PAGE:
- A flat horizontal line means you are stopped.

### 150s to 240s

You must have started running forward again, since a positively sloped line means a positive velocity.

- Notice that this section of line is a little steeper (you are running about 200m every 30s).
- A steeper line (which has a bigger slope) means that you are moving at a faster velocity.

### 240s to 300s

In this section the line slopes down, which means it has a negative slope.

- Since slope is equal to velocity, this must mean that you are running backwards.
- A negative slope means a constant negative velocity.
- You must have forgotten to pass a check point, so you ran back to it.

### 300s to 360s

Again, we have a horizontal line. You must be stopped.

### 360s to 510s

You know that you have only one chance to still win the race… run as fast as you can!

- During this time period, the line curves upwards.
- The line becomes steeper and steeper as it continues.
- You must be accelerating!
- A curved line on a d-t graph means acceleration.

Here’s how I used to remember if it was positive or negative acceleration on a d-t graph.

# Velocity-Time (v-t) Graphs

You need to remember that the rules you learned above for d-t graphs do **not** apply to v-t graphs.

- A common mistake by Physics 20 students is when they assume that all three types of graphs work the exact same way.
- The graphs can be related to each other, but that doesn’t mean you look at them the same way.
- The following v-t graph is based on the same data as we used for the d-t graph, but let’s look at what’s different.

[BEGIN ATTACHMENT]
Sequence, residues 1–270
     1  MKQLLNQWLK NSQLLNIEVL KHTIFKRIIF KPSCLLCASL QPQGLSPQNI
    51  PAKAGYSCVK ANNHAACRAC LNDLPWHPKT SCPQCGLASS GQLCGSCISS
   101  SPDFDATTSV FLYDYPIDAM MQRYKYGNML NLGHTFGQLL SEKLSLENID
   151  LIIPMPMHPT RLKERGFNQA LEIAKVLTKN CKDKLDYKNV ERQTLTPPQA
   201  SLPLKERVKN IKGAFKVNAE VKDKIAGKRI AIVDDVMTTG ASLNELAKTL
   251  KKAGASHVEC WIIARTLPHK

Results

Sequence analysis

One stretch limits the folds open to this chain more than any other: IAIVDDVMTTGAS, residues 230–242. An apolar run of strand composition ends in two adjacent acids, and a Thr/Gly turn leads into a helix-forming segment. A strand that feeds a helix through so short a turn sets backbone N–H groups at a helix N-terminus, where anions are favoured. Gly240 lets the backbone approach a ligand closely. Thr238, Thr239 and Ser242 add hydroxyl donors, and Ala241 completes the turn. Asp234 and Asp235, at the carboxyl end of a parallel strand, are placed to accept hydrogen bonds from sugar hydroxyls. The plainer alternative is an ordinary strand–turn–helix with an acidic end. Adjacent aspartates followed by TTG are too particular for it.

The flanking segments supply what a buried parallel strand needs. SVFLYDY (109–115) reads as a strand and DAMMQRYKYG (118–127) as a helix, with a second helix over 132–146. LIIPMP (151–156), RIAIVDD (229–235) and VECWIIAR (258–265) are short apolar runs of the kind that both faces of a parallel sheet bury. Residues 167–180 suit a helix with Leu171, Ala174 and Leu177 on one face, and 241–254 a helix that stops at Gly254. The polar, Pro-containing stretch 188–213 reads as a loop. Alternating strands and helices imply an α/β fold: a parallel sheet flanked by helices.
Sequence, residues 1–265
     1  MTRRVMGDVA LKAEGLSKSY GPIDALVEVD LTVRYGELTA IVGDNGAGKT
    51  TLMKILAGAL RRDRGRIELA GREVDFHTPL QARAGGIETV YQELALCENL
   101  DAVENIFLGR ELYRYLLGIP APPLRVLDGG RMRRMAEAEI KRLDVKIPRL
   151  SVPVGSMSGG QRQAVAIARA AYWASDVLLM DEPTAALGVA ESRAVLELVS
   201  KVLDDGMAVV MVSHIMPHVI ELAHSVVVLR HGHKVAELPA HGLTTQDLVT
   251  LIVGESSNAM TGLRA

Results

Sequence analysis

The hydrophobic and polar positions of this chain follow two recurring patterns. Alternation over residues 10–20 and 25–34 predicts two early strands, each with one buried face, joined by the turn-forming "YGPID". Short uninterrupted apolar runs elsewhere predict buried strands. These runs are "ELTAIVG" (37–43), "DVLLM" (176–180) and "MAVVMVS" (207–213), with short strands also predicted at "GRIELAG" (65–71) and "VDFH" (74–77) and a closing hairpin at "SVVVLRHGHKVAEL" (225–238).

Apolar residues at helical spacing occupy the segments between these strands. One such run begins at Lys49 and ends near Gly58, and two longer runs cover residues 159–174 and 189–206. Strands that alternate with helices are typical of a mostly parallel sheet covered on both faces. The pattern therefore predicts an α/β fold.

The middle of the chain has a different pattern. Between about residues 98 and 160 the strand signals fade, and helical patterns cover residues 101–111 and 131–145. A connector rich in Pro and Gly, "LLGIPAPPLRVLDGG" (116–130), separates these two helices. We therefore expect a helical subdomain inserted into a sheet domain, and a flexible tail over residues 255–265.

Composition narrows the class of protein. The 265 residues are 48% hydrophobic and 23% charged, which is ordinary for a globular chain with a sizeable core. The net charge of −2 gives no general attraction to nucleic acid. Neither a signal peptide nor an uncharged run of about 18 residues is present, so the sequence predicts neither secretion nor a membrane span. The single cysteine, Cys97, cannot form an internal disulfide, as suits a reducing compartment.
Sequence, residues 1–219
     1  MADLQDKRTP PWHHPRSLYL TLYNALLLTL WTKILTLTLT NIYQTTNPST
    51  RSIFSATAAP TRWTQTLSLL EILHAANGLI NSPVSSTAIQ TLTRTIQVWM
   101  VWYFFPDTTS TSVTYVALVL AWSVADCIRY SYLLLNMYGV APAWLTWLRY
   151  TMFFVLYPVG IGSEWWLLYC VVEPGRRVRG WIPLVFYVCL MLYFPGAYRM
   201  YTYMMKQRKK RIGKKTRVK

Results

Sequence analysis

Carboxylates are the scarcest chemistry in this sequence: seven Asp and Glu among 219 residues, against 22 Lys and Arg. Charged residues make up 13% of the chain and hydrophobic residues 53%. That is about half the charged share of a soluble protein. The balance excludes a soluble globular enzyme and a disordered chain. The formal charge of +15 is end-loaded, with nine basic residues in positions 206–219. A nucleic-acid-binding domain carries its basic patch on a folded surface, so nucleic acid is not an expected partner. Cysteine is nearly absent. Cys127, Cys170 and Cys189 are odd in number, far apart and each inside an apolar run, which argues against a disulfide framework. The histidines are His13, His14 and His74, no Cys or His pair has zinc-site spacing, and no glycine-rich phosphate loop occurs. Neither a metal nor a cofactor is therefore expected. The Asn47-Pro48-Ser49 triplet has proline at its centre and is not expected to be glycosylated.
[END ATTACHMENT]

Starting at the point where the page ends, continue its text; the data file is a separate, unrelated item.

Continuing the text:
### Zero to 90s

Remember that in the first 90 seconds you were running at a **positive constant velocity**.

- On this graph we see a horizontal line that reads “5m/s” for those same first 90 seconds.
- On a v-t graph a flat line means constant velocity.

### 90s to 150s

This is the section of time when you stopped because you are out of breath.

- Notice that "stopped" is shown by a horizontal line at exactly 0m/s.
- A flat horizontal line running along the x-axis means you are stopped.

### 150 to 240 seconds

You are running forward again.

- To show a higher velocity, we have a flat line that is
**higher**than the previous one. - In this time period we know you are running at about 6.7m/s.

### 240 to 300 seconds

This is when you are running back to the check point.

- You are running at -3.3m/s.
- A negative velocity is shown as a negative flat line.

### 300 to 360 seconds (jump back to v-t graph)

Again, we have a horizontal line at zero. You must be stopped.

### 360 to 510 seconds (jump back to v-t graph)

This is the section when you run faster and faster.

- On a d-t graph the line curves upwards, but not on a v-t graph.
- On a v-t graph the line is straight and has a positive slope.
- A straight sloped line on a v-t graph means acceleration.
- The slope of the line is equal to the acceleration; a positive slope is a positive acceleration, and a negative slope is a negative acceleration.

There is one other trick you need to know about v-t graphs.

- If you multiply velocity by time, what do you get?
**Displacement**, since d = vt ! - So, if I have a v-t graph and I calculate
**the area under the line**(which means I’m calculating velocity X time), I will know how far the object has gone.

# Acceleration time Graphs

Acceleration-time graphs are probably the most boring and least often used of the three graphs.

- It’s still handy to know some of the ways to interpret them, just in case.

### The First 360 seconds…

Nothing, nada, zip. For most of the race you were not accelerating.

- Although you
**must**have been accelerating to show all those changes in velocity. We just don’t have any data on it.

### 360 to the end…

We know you were accelerating during this time.

- By calculating the slope of the v-t graph for this section we get the acceleration!
- This acceleration was constant and positive for the whole time, so it is shown as a straight line.
- If we had a negative acceleration, it would be a shown as a flat negative line.